As a result, students have expressed concerns about their open expression on campuses. A recent Brandeis Center survey of Jewish fraternity and sorority members found that more than 80% of students were supportive of Israel, yet more than half of respondents said they avoided expressing their views on the state. What’s more, roughly three in 10 were concerned about facing penalties or marginalization from their professors.

In light of these growing campus tensions, Hillel International president and chief executive officer Adam Lehman stressed the importance of educating about the complexity of the conflict on campuses.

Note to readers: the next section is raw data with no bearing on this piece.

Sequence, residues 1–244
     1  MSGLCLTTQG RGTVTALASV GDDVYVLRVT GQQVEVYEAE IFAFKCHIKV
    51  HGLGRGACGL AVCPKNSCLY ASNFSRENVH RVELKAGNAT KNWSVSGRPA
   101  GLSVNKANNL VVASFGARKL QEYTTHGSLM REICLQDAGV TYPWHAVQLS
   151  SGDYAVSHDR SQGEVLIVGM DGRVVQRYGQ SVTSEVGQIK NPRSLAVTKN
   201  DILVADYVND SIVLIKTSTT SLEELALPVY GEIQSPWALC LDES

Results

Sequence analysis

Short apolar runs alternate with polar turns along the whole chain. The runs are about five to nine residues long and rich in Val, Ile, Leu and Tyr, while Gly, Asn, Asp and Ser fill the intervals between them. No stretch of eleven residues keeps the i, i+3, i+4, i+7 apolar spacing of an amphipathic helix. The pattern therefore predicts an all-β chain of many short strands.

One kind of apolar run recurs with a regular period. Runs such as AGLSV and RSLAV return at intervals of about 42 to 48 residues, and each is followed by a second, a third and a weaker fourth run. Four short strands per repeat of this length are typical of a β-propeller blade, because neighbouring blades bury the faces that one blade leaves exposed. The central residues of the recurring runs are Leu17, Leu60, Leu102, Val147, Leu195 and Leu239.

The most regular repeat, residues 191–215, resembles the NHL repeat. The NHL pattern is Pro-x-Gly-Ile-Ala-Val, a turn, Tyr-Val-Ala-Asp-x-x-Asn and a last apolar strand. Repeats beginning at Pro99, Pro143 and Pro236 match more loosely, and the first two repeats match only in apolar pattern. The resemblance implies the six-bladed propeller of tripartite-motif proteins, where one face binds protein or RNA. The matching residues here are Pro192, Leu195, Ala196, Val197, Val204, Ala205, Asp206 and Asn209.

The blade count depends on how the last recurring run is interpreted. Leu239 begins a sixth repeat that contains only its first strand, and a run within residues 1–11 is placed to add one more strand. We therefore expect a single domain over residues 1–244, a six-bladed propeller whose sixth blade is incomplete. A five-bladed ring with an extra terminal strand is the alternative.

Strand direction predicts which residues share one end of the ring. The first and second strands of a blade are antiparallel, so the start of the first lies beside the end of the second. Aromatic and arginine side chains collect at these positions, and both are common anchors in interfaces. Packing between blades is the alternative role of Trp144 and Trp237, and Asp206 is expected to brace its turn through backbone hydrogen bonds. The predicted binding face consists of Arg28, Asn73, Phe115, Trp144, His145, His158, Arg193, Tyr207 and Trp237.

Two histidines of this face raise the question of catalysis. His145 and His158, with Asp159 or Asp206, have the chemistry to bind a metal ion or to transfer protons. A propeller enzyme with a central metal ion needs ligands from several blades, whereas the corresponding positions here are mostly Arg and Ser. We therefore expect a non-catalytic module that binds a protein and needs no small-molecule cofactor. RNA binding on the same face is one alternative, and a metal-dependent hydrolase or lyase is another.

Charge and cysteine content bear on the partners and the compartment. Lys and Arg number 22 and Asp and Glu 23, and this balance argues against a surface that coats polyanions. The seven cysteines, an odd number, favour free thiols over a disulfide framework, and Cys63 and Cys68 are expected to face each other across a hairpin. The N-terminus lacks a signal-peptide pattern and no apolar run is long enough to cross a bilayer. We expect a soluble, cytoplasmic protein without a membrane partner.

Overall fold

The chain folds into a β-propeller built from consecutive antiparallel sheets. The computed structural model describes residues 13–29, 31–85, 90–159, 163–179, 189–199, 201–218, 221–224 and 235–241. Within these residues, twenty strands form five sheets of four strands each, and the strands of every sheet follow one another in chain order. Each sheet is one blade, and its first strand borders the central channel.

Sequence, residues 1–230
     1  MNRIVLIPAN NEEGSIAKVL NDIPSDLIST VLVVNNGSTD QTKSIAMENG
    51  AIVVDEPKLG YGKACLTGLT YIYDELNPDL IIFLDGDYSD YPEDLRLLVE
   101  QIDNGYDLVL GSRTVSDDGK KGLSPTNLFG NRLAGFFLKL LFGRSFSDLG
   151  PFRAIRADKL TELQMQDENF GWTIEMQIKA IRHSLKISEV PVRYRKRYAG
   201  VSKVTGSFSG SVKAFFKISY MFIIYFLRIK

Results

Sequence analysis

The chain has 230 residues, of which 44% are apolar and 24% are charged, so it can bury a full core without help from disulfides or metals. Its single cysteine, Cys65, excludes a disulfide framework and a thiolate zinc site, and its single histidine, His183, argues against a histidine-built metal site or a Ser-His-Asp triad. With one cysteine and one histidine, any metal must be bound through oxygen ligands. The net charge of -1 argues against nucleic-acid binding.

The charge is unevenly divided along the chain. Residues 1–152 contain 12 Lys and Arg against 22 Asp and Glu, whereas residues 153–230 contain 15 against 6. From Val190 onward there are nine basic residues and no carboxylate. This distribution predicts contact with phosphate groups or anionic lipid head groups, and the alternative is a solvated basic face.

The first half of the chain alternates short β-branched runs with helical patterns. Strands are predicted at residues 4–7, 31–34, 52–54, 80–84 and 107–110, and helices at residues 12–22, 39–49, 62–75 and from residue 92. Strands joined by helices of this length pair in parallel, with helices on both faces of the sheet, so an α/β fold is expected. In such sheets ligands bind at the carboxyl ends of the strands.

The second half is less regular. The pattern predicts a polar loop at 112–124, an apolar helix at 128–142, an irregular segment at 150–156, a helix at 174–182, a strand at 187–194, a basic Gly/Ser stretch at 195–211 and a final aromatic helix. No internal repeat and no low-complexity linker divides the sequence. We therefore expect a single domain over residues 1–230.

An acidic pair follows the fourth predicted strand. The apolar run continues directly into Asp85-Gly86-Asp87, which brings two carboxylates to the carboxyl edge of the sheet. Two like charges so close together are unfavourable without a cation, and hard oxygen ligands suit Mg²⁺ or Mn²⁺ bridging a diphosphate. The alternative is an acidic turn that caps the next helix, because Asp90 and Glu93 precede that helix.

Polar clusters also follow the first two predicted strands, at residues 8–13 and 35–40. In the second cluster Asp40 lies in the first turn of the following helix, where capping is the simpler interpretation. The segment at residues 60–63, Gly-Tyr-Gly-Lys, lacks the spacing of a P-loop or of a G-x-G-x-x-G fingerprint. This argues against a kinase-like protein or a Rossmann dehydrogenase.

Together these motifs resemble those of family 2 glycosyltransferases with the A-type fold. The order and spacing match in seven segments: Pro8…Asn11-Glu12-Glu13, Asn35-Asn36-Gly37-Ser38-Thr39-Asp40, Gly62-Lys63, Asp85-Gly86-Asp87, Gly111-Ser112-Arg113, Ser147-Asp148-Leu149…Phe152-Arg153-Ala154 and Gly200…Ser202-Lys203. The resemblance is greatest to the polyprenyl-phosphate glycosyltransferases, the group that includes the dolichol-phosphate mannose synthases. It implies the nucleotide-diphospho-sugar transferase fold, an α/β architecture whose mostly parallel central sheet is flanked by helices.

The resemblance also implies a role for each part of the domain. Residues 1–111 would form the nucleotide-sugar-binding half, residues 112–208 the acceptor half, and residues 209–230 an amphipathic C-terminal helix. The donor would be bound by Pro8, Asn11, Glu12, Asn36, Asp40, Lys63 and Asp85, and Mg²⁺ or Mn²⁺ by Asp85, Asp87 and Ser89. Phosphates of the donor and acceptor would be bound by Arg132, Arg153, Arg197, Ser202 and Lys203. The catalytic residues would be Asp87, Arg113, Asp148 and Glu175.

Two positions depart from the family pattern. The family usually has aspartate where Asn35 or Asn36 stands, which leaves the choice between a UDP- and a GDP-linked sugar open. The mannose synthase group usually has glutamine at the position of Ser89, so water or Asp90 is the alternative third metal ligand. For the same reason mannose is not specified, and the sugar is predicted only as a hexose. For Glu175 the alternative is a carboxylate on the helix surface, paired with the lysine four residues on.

“We need to teach complexity. We need to show our campus communities that this is a complex issue, and neither side is 100% right or 100% wrong. And that we need to embrace the fact that students have a personal relationship and connection to Israel,” Lehman said. “Academic institutions need to provide a welcoming environment for all students, and to promote understanding, even when that understanding involves a difference of viewpoints.”

The Palestine Feminist Collective and UCLA, USC and U.Illinois Students for Justice in Palestine chapters did not respond to The Forward’s requests for comment.

Author

Rachel Hale

Rachel Hale

Rachel Hale is a news intern at the Forward. Email her at hale@forward.com or follow her on Twitter @Rachelhale32.

As faculties push petitions critical of Israel, professors push back